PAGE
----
Expert advice & analysis

Statistics don’t mean a lot without analysis. We think we’ve identified some pretty cool stuff from deep inside our data. After all, who’d have thought we’d be able to tell how likely you are to visit a strip club according to your phone network, or estimate how far you’ll travel for a weekend away with mates just by your email address? But we didn’t want to just roll out a bunch of stats, we wanted to drill down to find out what they really say about modern consumers so we’ve consulted industry experts and academics from across the globe.

Data release part 1 – what technology reveals about leisure trends

See what the experts think about our findings below:

Doug Kennedy_optDr. Doug Kennedy, CPRP

Professor, Department of Recreation and Leisure Studies

Virginia Wesleyan College, Norfolk Virginia, USA


A review of the e-mail and purchasing data reveals some interesting patterns.  These are important because of the rapidly changing travel and tourism landscape that technology continues to impact.  The most striking item is the amount spent on stag weekends and the e-mail origin of the bookings.  Whether allowable or not, it’s recognized that employees are going to conduct their personal on-line shopping and purchases while at work, or using their work e-mail addresses.  

The data reflects this in that the largest purchase amount is produced via correspondence related to work e-mail.  If you consider this for a moment it makes a great deal of sense and is consistent with thinking within the travel and tourism industry.   For many, travel is the antidote to work.  Work can be isolating and a place where the company we keep is not our choice.  On the other hand, travel gives us the opportunity to gather with the friends of our choosing and have experiences that we value and meet our personal needs. Work is our routine.  Travel is our escape.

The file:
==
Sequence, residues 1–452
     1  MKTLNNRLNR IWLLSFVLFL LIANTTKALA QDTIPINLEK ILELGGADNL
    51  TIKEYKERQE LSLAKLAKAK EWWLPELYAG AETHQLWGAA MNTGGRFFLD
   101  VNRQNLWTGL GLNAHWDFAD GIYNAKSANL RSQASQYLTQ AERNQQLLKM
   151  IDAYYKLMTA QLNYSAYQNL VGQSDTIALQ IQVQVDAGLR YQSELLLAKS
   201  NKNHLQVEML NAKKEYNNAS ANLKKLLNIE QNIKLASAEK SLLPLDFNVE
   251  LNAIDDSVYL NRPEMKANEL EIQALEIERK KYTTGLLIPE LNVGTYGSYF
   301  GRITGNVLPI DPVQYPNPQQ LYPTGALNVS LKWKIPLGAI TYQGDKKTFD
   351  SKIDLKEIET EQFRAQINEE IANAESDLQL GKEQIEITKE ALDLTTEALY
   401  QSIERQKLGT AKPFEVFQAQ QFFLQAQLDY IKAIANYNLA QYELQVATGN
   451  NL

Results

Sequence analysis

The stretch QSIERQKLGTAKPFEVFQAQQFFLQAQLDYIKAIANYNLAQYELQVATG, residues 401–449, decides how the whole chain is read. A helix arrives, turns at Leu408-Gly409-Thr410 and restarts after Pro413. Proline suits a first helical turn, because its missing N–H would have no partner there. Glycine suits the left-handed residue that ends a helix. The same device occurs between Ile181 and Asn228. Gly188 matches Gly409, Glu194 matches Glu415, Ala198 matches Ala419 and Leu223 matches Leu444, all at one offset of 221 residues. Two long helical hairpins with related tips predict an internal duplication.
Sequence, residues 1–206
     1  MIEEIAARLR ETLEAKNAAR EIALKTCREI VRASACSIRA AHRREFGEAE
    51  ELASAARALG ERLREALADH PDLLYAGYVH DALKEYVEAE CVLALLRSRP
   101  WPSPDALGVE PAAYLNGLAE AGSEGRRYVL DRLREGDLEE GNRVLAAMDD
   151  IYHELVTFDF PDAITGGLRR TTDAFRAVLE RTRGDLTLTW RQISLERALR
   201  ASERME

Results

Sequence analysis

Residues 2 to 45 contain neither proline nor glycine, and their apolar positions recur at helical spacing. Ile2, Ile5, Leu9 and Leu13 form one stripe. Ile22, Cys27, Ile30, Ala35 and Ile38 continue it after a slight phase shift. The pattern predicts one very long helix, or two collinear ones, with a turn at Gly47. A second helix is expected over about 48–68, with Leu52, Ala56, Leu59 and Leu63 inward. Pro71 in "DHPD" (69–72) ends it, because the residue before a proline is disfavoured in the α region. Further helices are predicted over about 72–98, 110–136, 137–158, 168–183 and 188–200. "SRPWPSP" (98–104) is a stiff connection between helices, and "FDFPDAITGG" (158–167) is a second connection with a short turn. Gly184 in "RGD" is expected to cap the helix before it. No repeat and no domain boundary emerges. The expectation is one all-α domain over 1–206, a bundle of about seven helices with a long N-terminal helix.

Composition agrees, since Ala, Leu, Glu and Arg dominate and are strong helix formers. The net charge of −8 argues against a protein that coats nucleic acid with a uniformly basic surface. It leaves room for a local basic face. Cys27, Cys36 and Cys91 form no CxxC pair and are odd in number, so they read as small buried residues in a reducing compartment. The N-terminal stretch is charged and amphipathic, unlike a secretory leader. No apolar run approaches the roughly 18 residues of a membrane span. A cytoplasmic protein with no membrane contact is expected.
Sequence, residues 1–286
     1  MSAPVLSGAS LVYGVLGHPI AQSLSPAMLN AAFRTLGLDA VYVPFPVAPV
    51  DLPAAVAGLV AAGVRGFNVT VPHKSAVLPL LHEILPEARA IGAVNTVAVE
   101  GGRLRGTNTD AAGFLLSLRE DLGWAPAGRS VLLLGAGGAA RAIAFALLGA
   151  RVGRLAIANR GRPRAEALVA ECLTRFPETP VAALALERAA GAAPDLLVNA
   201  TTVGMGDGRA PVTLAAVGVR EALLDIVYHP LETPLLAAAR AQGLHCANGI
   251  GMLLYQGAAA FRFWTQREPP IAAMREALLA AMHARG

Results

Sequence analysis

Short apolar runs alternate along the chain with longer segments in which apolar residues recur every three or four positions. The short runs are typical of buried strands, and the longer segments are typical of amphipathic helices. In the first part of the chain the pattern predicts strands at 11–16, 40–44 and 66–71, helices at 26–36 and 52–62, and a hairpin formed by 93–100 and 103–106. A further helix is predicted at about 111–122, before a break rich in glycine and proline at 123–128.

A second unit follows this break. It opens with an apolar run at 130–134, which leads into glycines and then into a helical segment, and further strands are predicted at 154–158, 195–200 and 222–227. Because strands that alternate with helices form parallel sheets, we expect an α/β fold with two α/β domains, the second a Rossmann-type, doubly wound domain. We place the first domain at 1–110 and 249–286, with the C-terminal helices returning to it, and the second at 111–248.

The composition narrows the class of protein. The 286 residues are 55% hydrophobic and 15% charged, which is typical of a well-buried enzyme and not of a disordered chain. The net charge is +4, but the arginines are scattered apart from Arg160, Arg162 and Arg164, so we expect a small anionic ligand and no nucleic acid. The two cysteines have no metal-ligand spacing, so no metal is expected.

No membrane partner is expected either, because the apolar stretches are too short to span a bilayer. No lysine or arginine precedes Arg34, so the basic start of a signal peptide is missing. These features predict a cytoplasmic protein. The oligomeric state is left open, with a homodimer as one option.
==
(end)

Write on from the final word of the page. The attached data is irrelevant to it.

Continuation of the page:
We are reminded in the workplace, on a bad day, of the places we’d rather be.  That leads to travel considerations and related web browsing, and ultimately the desired purchase.   As well, travel purchases made at the workplace may have time considerations.  Because time is more limited for the travel research process, comparison shopping, and purchase, it is not surprising that the expenditures related to work e-mail are the highest in comparison to other e-mail sources.  

Another interesting finding relates to the mobile device related to group size.  Not surprisingly, the Apple products captured two of the top three average group sizes. Apple has been a leader in seizing the power of networking by its users and enjoys a lead in initial app development before deployment on the Android platform.   While Android devices in many cases have versions of apps identical to those available to IPhones and IPads, at this juncture it is not surprising that Apple would demonstrate a lead in its ability to be associated with higher group sizes. 

In summary, the data reflects an ever-changing landscape within travel and tourism.  Five years ago the data would have shown completely different results with devices, browsers, and carriers long since forgotten.  Five years from now the same will be said of this data.   Perhaps the most important conclusion is that for any web-based company, like, to continue its success it is going to be imperative to collect and analyze customer data, recognize on-going trends to attract new customers and retain existing ones, and keep an eye open for continuing developments in technology so these companies may react quickly.